The 700 showed up yesterday. I also upgraded the grinder to an Atom 75. I was on the hunt for a QUIET package, and after day 1, I nailed it. grinder is amazingly quick and quiet. 3.5 seconds for a double dose and it's done. So far I need to add a funnel because it makes a bit of a mess but the quiet is amazing. The 700 is larger than I wanted, but is also very quiet and solid. I would say the combination is a 100% win.

I would have liked them both to be smaller and of course, cost less, but I did get what I was looking for. Temperature stable, quiet, and pulls a solid shot of espresso.

You could also consider a lever. I almost went this route as well. I will likely pick up a Londinium Compact whenever it gets around to being released. I'm not a fan of the La Pavoni's or other non pumped "boiler only" spring levers. But - they are silent. So, who knows?

davidhunternyc

#7: Post by davidhunternyc »

Michael, please let us know what you think of the Profitec Pro 700. It's on my shortlist, but first I want to get a Kafatek Monolith Flat Max in all black. I know, I know, but I would rather have a perfect grinder and continue to use my Robot for awhile than get a middle of the road espresso machine and grinder combo.

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another_jim
Team HB

#8: Post by another_jim »

As a historical curiousity, Quickmill produced a home espresso machine with a thermoblock heating and a rotary pump bacck int he 70s, when there were no vibe pumps.
Jim Schulman

STG

#9: Post by STG » replying to another_jim »

Not gonna lie, I kind of like this thing!

michael_pl

#10: Post by michael_pl »

davidhunternyc wrote:Michael, please let us know what you think of the Profitec Pro 700. It's on my shortlist, but first I want to get a Kafatek Monolith Flat Max in all black. I know, I know, but I would rather have a perfect grinder and continue to use my Robot for awhile than get a middle of the road espresso machine and grinder combo.

After half a week I'm quite happy with it. It's nice and quiet and looks fantastic. To be honest though, I think the biggest change in taste has been the grinder I added in. I am coming from an Izzo Alex E61 HX, so other than being more precise with the temp there isn't really a change in the brewing mechanism. The grinder though makes a hugeeee difference. The Atom 75 produces amazingly even fluffy grinds in 3.6 seconds a dose. I added a small funnel and now there is no mess on the counter. It's damn quiet, way more quiet than any of the videos and even I thought would be possible, especially considering how fast it is.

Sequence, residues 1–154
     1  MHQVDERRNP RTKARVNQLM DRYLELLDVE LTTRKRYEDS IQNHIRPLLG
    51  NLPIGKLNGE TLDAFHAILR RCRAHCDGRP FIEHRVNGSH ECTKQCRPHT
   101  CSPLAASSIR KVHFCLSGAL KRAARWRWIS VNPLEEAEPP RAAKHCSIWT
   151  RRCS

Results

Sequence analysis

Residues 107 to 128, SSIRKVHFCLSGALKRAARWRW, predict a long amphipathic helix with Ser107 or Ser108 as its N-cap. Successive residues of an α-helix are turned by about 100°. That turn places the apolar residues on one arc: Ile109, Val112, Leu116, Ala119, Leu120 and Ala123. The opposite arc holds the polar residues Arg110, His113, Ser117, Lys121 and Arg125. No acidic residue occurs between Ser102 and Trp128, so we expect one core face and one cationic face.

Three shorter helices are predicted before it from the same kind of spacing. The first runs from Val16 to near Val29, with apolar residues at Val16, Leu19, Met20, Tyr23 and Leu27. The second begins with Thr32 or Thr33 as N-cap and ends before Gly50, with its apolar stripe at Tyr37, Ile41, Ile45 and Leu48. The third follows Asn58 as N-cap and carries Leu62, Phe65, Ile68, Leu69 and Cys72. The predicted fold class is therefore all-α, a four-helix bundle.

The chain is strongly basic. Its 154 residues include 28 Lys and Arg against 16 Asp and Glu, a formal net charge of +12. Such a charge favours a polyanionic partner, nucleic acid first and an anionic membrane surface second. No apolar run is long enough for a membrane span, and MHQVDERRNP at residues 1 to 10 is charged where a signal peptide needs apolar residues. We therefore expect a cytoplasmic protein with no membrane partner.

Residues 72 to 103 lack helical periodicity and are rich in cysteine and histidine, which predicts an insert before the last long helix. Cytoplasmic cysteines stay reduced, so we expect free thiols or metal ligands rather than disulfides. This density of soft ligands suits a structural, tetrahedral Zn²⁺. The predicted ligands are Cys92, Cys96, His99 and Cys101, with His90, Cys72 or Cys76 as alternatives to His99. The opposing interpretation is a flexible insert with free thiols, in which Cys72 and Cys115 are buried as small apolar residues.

As for the machine, the pump is great, it appears to be well built, the water reservoir is large, I like that I can turn off the steam boiler for a few days if we're not using it, and the knobs work great. A few nit picks, coming from a heat exchanger the steam boiler appears to be slightly lack luster in power. It's currently sitting at about 255* and 1.5bar steam pressure so I might raise the temp a bit and see if it gets it up to 2 bar and see if that makes a difference. Also the drip tray isn't as big as the Alex was so I find I have to empty it a bit more often.

I would definitely buy it again. Comparing to all the other double boilers out there, I didn't like the aesthetics of the Bianca, the Synchronika was originally my first choice but I'm indifferent between it and the 700 from a stylistic point of view, so I saved a few hundred and went 700. I thought about a Quick Mill because my brothers both have them (an Anita HX and one of the small single boilers) and they have been trouble free for almost a decade for them. I'm happy with my choice though because I know I will have to work on this eventually as I did my last one and it should be pretty easy to. Stuff has easy access and plenty of room to remove and replace as required.

Definitely most pleasantly surprised at the difference the grinder has made though, so you're on the right track picking up your preferred grinder first! Hope that helps a bit. Feel free to reach out if you have any specific questions I didn't answer.